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orion-list ORION: Guilty Corpses, Cultic lit, etc.
Your analysis of Judith as political fiction is plausible. Political
criticism hidden within a fictional narrative is an ancient genre; As
we can see from folk tales, it is older than written history. The genre
is alive and well today. The whole purpose of hiding political criticism
within a fictional situation is to protect the author's neck.
When the target is a political organization, e.g. Orwell's _Animal Farm_,
there is little difficulty in identification. (At least today, that is:
2,000 years from now this may not be the case.) Sometimes the target may
be thinly veiled -- as is quite possible with Judith (the name of the
heroine -- as the change of sex -- is more than a bit suspect and not an
uncommon auctorial trick). Usually, however, in the case of an individual,
it can be next to impossible to determine at whom the criticism is aimed;
we rarely have enough data about these periods.
In the case of the "War Scroll," the author went so far as to use for
his "white hat" a character out of popular theoretical fiction to hide
behind. (Script and format aside, if _haserech lekol_ were a functioning
community rule or "law" for a specific group, the document would be ca.
31-33 cm. in height. It is not; it is a "writing," i.e., ca. 23.7-26.7 cm
in height. <1> The author was so careful to mask his target that it is
useless to speculate on the name of the "wicked priest"; his name may
just as well be "Darth Vader."
There are similarities between the "War Scroll" and cultic stories, but
the "Armeggedon" theme with its final confrontations between the "Light"
and the "Dark" is extremely popular and always has been. It is not confined
to "cultic" literature. Indeed, in quite a few modern fantasy novels, the
sides are even referred to as "The Light" and "The Dark." If one wishes to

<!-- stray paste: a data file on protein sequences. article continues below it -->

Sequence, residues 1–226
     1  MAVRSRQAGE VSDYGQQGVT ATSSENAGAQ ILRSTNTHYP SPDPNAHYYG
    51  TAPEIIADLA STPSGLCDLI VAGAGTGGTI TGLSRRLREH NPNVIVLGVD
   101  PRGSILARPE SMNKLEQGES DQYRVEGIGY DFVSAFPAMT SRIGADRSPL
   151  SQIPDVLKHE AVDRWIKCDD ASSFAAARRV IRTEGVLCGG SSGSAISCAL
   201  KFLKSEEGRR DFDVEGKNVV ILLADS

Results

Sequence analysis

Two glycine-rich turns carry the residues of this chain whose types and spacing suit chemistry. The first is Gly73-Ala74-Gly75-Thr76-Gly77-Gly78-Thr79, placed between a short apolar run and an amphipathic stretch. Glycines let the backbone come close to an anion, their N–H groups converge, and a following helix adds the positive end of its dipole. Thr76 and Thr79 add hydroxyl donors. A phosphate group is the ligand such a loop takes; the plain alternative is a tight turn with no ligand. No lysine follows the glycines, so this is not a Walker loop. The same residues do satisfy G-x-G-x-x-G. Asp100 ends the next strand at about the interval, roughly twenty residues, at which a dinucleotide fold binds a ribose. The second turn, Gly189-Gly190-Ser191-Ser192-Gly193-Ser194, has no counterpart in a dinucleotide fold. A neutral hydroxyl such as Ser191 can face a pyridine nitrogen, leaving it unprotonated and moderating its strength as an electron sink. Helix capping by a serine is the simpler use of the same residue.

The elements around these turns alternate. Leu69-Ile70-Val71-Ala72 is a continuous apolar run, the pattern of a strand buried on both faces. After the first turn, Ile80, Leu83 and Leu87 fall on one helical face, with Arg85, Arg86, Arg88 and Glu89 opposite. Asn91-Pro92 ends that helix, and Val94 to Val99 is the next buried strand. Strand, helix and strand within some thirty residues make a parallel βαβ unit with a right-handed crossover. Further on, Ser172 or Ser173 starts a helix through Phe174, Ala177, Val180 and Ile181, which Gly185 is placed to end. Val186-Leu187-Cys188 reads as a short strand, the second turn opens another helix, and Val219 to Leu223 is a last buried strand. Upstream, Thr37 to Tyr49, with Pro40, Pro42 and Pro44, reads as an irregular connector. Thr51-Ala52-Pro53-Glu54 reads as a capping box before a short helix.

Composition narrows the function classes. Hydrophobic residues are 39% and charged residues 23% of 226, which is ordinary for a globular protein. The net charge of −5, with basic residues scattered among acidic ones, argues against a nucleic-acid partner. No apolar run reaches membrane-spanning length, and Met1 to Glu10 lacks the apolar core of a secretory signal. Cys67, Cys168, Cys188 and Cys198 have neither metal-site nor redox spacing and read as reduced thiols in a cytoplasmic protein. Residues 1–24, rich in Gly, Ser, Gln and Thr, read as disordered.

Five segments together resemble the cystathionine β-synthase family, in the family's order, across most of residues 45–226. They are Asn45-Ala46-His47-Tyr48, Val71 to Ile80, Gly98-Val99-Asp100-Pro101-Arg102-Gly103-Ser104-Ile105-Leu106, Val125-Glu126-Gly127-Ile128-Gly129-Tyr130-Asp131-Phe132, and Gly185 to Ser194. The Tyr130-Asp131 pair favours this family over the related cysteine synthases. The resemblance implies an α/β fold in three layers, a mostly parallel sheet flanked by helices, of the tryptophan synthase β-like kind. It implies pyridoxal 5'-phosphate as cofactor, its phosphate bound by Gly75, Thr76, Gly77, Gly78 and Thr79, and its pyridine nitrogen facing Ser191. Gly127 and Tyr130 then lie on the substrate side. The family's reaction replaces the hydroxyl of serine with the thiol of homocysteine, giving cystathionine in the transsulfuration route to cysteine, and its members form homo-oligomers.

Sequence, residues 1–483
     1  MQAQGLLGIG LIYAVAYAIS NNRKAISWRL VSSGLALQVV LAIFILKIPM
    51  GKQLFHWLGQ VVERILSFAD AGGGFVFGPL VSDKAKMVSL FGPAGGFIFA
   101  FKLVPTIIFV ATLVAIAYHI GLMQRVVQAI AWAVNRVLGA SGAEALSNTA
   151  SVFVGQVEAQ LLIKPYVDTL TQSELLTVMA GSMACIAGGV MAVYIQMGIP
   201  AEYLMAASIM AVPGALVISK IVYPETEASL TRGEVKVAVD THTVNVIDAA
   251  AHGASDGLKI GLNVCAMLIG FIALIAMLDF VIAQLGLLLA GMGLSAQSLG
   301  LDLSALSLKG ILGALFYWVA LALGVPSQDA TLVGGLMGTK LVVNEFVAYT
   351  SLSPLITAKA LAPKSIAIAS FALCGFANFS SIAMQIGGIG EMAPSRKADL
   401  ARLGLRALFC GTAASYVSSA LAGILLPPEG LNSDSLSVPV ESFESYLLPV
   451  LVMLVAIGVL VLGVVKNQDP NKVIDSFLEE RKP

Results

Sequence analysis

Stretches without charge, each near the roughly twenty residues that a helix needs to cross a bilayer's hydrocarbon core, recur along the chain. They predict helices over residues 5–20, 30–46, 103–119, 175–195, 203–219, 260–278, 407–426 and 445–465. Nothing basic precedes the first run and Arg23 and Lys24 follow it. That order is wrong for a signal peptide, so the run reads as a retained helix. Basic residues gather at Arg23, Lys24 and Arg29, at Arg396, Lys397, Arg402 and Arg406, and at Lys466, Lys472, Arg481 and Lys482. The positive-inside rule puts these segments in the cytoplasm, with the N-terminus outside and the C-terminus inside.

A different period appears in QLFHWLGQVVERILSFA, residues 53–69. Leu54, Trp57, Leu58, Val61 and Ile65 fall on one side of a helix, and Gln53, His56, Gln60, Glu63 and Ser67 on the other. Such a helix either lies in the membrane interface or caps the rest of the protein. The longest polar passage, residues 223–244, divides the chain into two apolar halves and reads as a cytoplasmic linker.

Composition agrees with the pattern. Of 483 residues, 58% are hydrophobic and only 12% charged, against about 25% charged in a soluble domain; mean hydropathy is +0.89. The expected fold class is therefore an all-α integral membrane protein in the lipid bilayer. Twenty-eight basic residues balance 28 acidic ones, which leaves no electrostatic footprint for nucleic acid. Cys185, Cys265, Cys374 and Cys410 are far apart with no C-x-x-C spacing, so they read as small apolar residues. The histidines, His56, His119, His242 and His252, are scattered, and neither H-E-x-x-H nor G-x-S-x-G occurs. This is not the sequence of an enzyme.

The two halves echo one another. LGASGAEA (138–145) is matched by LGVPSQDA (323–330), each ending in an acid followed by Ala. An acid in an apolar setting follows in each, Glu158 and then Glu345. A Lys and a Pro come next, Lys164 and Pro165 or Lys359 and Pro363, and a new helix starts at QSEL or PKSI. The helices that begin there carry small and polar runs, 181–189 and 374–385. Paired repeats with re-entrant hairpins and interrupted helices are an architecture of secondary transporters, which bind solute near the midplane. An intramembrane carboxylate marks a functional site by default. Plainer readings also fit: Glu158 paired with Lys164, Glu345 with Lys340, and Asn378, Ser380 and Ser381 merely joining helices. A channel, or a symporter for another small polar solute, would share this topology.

use this approach, one will have to read an enormous amount of popular
literature from antiquity right on down to today to come to any meaningful
Further, we do not know that we are dealing with a cult. Does the "Essene"
cult hypothesis hold up under reality checks? If the Essenes did exist as
an identifiable, taggable people, they were not at Khirbet Qumran. A very
simple physical and physiological reality check immediately eliminates
Qumran as an "Essene" site. As the "Essenes" were not, and _could not_,
have been at Qumran, classing those documents as "Essene" becomes extremely
One of the major problems here is the walls between disciplines and the
peculiar idea that fiction is "worthless," mere entertainment to occupy
the masses. (One turkey recently referred to entertainment fiction as
"mental masturbation.") Few people working on the DSS material can recognize
political or other fictional genres, when they run into them.<2> Political/
social criticism is a very popular theme in fiction, ancient and modern --
and in all countries. It comes in many forms and from many approaches.
Political-fiction can be overt and fantastic, e.g. Morris' _Unto His Last_
or overt and "realistic," as in Godwin's _Caleb Williams or Things As They
Are_. It can be written as fantasy-satire, e.g. Swift's _Gulliver's Travels_
or Butler's _Erewhon_. It can be quite subtle, as in Twain's _Huckleberry
Finn_, or it can be sub-rosa, as in Kipling's _The Jungle Books_." Poli-
tical fiction can be embedded in *fairy tales*. <3> Hence, it is hazardous
to concentrate on just one aspect.
I can only make some suggestions, but it might be a good idea for people
to read _Haserech lekol_ in conjunction with Plato's _Republic_ and More's
_Utopia_; and to read "The War Scroll" in conjunction with 19th and 20th
century political fiction.
<1> The Dead Sea Scrolls answer the question about the divisions of the
Tanahk at the time. The "canon-to-be" was in two parts: Pentateuch and
writings. The range of sizes among the "writings" is indictive of the
level of "authority" of a given writing. 11QPs, for example, is at the
large end: 26.2 cm.
<2> Please note that Jonah is also fiction, a shaggy-dog story. It is a
midrash with an important moral; hence, as a "writing" of man with a
pertinent point, it eventually became part of the canon.
<3> As understanding the references and allusions in Medieval and Renais-
sance works requires in-depth knowledge of those periods, I have stuck
to modern works in which most people today can see and understand such
PS: Dr. Gmirkin, the "decoration" on a shield serves two purposes. One is
to provide "flypaper," that is, the indentations and/or ribs and/or holes
catch a pointed weapon to give the shield bearer a momentary advantage while
his opponent is thrown off balance by his weapon being caught; this is the
reason why shields usually have at least a "boss." The other purpose is even
more important: instant identification. If one must have some means of catch-
ing a point and some means of instant identification in the heat of battle,
why not be decorative about it?
Dr. Rochelle I. Altman, co-coordinator IOUDAIOS-L firstname.lastname@example.org
[Note from the moderator: This message bounced because it was too long but
I'm letting it through because it is on topic. AP]
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